I was asked to attend the UK All-Party Parliamentary Group on Artificial Intelligence a while ago, and have been doing so for the last year. It’s been fascinating throughout. Mid-year the House of Lords established a Select Committee on Artificial Intelligence, and I gave evidence, authored with Prof. Shaun Lawson, Dr. Ben Kirman, and Dr. Conor Linehan.

Parliament has now published the evidence and you can read it here.

Prosthetic Envy at the V&A and on BBC5 Live

Engineering the Future

One recent article I published with Tom Ward and Luke Robert Mason is on ‘Prosthetic Envy‘, and can be found in this beautiful book published by the Victoria & Albert Museum, London, made available for free online with the aid of the AHRC Digital Transformations Programme.

BBC5 Live interviewed me on the subject and you can listen to the whole programme on ‘The Future of the Prosthetics Industry’ here.

‘Killer Robots’

Jungle World - Rechnende Colts

In May I spoke at the Science Museum in London about autonomous weapons systems (or ‘killer robots’, as the British press likes to sensationally characterize them). It’s a subject I’ve been doing public events on for the past 23 years, so I was glad to be joined by two people who in my view know what they’re talking about: Mark Bishop, Professor of Cognitive Computing at Goldsmiths and Chair of the Society for the Study of Artificial Intelligence and the Simulation of Behaviour, University of London, and Jon Tepper, the economist and author of Endgame and Code Red.

Why bring a philosopher, a cognitive scientist, and an economist together to talk about such things? The reason is that all are aware of how algorithmic systems with executive power to make life-or-death decisions are already in use across the world. The future of war is already here. In an earlier interview with the German magazine Jungle World, you can read what Mark Bishop and I have to say about the autonomous weapons systems already in use here.

Ballard / McCarthy

BSP logo

A couple of relatively recent conferences/lectures: for J. G. Ballard’s would’ve-been 86th I spoke about ‘Fascism, Demogoguery, and Rhetoric’ at the Society Club in Soho, London, alongside Ballard’s favourite poet Jeremy Reed.

In July I gave a paper at the conference Cormac McCarthy and Philosophy, organized under the auspices of the British Society for Phenomenology. The paper was on “Some Aesthetic Implications of McCarthy’s Conception of the Role of the Unconscious in the Evolution of Forms“, and it’s available as a podcast here, courtesy of the BSP. Indeed you can hear the whole conference on iTunes here.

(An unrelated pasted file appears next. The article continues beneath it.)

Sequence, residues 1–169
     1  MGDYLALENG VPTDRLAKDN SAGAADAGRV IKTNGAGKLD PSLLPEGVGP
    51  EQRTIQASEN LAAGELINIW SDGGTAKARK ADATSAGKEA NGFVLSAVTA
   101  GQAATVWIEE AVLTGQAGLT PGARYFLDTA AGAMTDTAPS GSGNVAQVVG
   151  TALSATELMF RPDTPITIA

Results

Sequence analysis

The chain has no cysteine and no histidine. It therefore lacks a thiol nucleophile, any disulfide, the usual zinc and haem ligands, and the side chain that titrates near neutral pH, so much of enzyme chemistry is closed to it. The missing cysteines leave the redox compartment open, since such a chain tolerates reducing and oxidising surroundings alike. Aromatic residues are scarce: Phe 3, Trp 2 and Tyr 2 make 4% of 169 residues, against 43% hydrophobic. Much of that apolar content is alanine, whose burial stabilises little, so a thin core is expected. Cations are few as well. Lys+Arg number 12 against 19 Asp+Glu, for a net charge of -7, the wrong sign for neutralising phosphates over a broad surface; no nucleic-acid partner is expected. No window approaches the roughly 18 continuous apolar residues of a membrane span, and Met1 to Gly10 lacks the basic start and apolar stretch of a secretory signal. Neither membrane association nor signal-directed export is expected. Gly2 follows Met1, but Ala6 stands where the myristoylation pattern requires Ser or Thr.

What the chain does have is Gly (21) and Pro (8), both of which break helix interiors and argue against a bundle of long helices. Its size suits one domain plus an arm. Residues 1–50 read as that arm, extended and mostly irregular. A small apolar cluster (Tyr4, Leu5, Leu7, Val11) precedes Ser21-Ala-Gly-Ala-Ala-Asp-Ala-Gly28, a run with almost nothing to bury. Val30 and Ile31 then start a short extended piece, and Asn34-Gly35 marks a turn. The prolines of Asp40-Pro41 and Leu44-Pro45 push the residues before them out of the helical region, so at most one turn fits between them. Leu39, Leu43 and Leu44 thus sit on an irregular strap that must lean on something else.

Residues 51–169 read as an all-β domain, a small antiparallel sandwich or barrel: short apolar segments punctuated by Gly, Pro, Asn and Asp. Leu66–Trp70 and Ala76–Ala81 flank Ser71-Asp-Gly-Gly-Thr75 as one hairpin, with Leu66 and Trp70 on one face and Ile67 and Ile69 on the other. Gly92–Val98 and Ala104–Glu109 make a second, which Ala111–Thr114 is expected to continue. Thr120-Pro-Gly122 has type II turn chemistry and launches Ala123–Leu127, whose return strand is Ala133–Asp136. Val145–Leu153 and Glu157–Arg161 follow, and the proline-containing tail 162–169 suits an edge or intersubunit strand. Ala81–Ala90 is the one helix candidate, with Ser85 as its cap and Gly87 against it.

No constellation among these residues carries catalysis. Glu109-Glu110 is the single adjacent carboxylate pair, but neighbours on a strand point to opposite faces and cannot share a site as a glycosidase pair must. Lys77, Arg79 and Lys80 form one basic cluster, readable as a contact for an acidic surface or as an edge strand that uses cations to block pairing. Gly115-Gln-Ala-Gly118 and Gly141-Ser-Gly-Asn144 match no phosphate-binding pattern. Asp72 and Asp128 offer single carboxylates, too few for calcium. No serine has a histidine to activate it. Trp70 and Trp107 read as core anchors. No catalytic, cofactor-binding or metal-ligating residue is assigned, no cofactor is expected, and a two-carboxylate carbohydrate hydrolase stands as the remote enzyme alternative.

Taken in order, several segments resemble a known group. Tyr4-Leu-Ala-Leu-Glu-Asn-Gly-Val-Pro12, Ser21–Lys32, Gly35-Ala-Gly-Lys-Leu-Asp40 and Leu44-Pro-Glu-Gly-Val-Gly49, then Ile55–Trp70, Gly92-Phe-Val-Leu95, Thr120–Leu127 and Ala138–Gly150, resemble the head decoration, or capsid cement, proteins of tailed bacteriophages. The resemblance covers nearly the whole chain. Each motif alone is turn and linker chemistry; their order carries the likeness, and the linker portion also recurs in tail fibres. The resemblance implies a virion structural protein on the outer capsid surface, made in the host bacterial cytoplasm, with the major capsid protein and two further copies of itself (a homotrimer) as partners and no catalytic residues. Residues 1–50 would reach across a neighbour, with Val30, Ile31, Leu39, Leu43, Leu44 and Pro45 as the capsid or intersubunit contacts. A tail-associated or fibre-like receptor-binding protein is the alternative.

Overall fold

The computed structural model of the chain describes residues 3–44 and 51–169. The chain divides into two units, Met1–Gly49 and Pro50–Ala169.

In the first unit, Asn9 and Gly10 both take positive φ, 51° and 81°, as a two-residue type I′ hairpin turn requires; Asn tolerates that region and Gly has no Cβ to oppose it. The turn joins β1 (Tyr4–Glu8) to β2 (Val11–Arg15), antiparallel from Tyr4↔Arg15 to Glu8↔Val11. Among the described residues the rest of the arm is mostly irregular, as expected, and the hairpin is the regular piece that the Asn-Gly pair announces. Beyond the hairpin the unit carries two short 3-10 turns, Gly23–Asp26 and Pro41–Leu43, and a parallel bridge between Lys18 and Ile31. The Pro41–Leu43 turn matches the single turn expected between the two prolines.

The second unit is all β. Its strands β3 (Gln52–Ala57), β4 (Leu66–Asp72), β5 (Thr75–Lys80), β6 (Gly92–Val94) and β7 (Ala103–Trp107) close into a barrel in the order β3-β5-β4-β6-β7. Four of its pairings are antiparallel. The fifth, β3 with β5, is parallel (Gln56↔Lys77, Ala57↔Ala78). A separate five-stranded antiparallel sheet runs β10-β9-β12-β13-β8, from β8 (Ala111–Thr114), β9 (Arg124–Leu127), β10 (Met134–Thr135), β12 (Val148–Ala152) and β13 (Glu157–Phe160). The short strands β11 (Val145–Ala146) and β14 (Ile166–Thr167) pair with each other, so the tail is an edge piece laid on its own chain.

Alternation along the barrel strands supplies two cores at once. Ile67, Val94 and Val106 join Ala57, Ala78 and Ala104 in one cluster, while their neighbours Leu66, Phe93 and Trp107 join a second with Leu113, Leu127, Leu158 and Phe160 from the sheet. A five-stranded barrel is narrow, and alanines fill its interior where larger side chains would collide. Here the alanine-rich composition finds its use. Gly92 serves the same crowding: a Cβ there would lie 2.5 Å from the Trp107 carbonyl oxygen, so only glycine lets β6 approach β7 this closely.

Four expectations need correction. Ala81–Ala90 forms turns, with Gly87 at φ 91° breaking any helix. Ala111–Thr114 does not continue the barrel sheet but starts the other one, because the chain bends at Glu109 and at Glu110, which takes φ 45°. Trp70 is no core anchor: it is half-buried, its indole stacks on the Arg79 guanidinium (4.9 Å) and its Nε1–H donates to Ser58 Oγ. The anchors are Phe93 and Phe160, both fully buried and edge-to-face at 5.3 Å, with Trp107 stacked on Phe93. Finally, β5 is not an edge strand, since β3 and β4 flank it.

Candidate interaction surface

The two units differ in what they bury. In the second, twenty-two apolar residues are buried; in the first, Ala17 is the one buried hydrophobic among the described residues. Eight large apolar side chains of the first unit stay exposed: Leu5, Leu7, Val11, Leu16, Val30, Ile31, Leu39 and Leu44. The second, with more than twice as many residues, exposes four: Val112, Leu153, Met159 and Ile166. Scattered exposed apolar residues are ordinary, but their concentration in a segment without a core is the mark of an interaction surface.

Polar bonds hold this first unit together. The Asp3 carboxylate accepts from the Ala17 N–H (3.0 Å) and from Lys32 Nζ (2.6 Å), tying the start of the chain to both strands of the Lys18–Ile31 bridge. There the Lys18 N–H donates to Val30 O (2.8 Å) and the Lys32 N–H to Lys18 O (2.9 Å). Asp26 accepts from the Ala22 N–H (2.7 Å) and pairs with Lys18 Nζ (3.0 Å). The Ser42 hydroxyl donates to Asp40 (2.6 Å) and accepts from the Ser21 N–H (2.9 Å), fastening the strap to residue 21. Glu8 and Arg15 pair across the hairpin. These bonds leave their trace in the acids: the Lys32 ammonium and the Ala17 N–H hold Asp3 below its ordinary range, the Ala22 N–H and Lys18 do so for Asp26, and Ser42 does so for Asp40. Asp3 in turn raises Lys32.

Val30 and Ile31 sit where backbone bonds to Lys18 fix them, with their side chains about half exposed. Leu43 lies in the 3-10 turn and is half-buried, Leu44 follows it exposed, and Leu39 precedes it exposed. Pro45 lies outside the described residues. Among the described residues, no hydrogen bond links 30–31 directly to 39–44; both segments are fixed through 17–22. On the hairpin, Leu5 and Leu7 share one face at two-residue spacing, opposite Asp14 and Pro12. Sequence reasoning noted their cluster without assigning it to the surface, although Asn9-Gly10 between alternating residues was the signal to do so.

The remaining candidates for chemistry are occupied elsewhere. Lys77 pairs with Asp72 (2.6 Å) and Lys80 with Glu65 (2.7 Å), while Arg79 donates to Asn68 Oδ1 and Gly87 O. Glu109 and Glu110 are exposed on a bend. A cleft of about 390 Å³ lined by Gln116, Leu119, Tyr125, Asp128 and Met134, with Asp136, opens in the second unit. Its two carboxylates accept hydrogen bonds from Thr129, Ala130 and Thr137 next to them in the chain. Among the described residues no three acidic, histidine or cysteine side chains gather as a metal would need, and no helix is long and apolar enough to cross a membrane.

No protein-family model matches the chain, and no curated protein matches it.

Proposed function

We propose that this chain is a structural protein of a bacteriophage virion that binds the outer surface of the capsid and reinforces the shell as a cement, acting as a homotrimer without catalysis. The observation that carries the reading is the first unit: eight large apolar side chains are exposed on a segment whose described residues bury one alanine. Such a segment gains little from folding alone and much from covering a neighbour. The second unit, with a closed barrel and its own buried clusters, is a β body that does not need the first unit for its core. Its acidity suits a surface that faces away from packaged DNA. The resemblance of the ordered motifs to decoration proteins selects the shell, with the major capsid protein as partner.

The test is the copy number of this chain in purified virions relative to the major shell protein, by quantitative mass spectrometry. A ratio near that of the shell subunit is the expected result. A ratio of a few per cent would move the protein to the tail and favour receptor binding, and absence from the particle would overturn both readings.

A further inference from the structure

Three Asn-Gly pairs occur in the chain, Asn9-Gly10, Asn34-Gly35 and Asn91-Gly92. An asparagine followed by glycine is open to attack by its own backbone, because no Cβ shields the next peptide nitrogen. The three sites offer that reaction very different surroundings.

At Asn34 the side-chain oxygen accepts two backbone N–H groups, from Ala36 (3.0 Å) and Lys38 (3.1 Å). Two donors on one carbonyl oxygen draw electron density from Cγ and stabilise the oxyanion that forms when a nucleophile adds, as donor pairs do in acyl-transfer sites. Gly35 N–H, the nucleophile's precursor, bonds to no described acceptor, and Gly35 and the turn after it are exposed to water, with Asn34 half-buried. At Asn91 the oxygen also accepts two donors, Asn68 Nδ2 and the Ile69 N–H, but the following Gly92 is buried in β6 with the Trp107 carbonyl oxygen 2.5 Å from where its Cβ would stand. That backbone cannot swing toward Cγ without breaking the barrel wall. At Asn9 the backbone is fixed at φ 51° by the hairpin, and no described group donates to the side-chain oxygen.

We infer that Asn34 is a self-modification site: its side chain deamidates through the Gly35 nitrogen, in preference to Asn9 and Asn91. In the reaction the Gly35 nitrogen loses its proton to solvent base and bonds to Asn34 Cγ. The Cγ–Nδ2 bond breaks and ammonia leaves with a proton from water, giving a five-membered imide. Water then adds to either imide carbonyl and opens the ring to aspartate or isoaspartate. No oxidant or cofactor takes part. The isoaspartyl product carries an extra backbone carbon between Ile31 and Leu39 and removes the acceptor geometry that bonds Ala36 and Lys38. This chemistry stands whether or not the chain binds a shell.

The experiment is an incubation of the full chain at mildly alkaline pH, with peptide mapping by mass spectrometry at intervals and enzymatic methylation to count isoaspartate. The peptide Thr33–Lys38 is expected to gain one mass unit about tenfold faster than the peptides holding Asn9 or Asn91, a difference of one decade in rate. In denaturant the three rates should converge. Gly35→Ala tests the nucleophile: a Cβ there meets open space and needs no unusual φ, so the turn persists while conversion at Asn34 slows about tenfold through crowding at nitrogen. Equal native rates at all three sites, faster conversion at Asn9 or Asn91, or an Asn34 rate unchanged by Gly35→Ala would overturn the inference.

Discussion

From Human-Computer Interaction via Robot Sex to Cormac McCarthy

VF Salon Nov 2016

The last academic year began early, with the organizing of the British Human-Computer Interaction conference at the University of Lincoln in July. 250 people from 20 different counties and a live discussion between attendees and Julian Assange chaired by Chris Csikszentmihalyi. The aim was to investigate how interactive technologies fundamentally affect our privacy, rights, and relationships with authority, government and commerce. There wasn’t much public desire to have conversations about these topics at the time, and indeed there was hostility towards such discussion. That these topics are now on the public agenda is no small testament to the patient determination of the principal chairs, Shaun Lawson and Patrick Dickinson.

September and October involved a flurry of public talks, on VR at Dialogue in London; on biology as technology at the University of Arts London; and on the future human at Warwick University’s festival to celebrate its 50th Anniversary.

In early November I spoke about libidinal parasites, the role of art, and broken machines at a special Virtual Futures salon in Soho, London, on ‘Fucking Machines’ – a panel about sex and robots.

Then back to Warwick University for an astonishing conference on Cormac McCarthy organized by Katja Laug, focusing on very close reading of one of the truly great American novels of the 20th century, Blood Meridian, or the Evening Redness in the West. The whole event was filmed: my talk principally about the character of Judge Holden is here; the long and hugely productive roundtable discussion is here.